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The Few Effective Rules of Managing a Ton of Files and Emails

Setting Up an Effective Paper Filing System

Developing an effective filing system helps you find things when they’re needed. Then you can avoid wasting time looking for things and instead you can get right to work. Three steps can help you to create an effective filing system.

The first step in creating your system is to sort like with like and consolidate files into basic general categories. You could begin by sorting paper into groups on your desk and identifying the patterns that emerge. For instance, suppose you noticed three general categories.

Use common sense

Your company’s five-year plan, your department’s five-year plan, and a copy of your company’s annual goals. These could all be consolidated into one file, labeled with your company’s name, and the heading, Planning. Don’t get fancy with file labeling. That’s the second step in good file management. Label your files using common sense, not elaborate, imaginative titles.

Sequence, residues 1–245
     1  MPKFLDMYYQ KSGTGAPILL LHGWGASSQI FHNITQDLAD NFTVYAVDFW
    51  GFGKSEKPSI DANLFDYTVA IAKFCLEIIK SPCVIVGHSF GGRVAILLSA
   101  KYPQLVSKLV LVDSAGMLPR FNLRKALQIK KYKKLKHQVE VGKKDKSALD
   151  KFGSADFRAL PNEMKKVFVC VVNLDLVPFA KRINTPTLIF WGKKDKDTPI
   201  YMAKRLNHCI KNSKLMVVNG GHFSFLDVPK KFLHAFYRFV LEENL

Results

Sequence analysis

You could choose to file them alphabetically. But there are lots of other ways to categorize files. You could sort by subject, numerically, geographically or chronologically, whichever makes most sense to you and to the subject matter you’re dealing with. It’s also useful to label files with nouns. For example, a label titled Contract Negotiations makes more sense than How to Negotiate Contracts?

Purge files regularly

It’s a good idea to label files according to how you use information rather than where you found it. For instance, maybe you regularly save articles from newsletters or magazines. It will be easier to find these later if you file them according to the subject of the article rather than the name of the source.

The third step is to purge files regularly, by getting rid of information you no longer need. Purging files helps you maintain a clutter-free filing system because you only keep things that are truly needed. You should try to turn every piece of paper in your workspace into an action item. Deal with each piece before it has the chance to become clutter.

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